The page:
How to Knit a Sweater

Knitting a Sweater Can Be Fun and Creative!

This sweater was made all in one piece to the arms, resulting in four elongated sections which were later joined to make shoulder seams.  The sleeves were set in later.  The stitch used here is stockinette, straight knitting all the way through!
This sweater was made all in one piece to the arms, resulting in four elongated sections which were later joined to make shoulder seams. The sleeves were set in later. The stitch used here is stockinette, straight knitting all the way through! | Source

How to Make A Sweater? Is it difficult?

With a little practice and some quality 50% or more wool based yarn, you can make amazing, one of a kind clothing.
With a little practice and some quality 50% or more wool based yarn, you can make amazing, one of a kind clothing. | Source

When I started knitting sweaters, I got this timeless bit of advice:

"More important is a tape measure than a pattern!"

So continuing with my tape measure, I determined the back of the neck to desired length measurement, around the body measurement, folded arm length for long sleeves, around the neck measurement and wrote them all down on paper. That was step one.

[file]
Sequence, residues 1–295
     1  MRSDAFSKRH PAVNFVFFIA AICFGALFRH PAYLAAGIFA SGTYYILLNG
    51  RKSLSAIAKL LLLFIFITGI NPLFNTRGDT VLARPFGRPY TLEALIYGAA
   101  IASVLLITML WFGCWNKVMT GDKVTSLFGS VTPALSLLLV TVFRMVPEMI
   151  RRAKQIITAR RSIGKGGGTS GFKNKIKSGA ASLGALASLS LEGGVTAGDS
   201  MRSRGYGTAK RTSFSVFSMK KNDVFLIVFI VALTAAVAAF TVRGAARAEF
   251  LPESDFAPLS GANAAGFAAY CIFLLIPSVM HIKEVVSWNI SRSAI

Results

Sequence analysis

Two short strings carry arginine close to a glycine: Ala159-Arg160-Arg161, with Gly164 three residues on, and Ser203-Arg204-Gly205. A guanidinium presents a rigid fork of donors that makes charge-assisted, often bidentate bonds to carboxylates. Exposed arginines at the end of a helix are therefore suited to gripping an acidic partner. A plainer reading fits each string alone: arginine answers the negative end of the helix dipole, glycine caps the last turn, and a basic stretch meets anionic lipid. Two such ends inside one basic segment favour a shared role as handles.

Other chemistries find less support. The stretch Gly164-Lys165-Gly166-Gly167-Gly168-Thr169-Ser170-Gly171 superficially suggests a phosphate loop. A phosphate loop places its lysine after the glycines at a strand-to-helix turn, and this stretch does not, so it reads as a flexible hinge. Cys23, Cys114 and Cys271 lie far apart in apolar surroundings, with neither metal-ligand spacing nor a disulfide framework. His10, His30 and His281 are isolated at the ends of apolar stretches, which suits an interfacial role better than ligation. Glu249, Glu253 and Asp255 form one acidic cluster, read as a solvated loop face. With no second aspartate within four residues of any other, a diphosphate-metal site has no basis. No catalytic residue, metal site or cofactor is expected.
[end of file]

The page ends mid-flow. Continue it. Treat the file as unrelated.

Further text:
Basic Pattern

This drop shoulder, long sleeved crew neck sweater is made in four rectangles, and in the following order -

Back - from bump on your back collar to the lower back, ideally to the tailbone. Covering the lower back is recommended in protecting the lower back muscles and disks from exposure to the cold.

Front - an identical, rectangular piece

Two sleeves in a tapering trapezoid. The top of the arm will be wider than the wrist section. When measuring yarn needs, I use the widest section at the shoulder and the length to allow for other needs - joining, collar, and so on. Kind of like a safety net dimension.